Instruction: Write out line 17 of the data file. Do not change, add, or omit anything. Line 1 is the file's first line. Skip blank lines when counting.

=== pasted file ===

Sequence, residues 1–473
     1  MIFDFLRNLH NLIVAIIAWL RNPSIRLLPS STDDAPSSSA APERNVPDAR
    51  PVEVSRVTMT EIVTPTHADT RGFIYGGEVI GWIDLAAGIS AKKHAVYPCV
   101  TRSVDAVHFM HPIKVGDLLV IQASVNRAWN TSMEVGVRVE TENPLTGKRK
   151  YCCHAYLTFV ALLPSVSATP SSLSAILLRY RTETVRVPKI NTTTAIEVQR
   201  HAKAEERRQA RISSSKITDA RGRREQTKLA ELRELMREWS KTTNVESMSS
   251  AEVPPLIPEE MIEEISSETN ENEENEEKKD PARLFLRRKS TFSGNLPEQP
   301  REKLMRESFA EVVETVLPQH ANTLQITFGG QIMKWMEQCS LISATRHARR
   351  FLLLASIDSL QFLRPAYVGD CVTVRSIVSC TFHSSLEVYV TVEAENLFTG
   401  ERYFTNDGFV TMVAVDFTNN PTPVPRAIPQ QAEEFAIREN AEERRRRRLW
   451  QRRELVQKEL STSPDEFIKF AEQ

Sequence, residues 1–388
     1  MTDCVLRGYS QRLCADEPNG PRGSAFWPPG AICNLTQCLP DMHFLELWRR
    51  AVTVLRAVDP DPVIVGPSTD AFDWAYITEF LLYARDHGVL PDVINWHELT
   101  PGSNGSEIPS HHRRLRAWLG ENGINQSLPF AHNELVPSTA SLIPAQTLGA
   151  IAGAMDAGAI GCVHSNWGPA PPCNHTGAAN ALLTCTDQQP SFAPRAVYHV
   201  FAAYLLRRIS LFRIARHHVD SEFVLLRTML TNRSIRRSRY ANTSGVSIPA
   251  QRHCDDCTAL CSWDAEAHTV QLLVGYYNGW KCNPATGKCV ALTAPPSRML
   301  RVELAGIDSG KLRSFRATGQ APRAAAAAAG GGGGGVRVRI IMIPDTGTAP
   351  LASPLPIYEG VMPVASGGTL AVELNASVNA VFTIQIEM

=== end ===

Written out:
   201  FAAYLLRRIS LFRIARHHVD SEFVLLRTML TNRSIRRSRY ANTSGVSIPA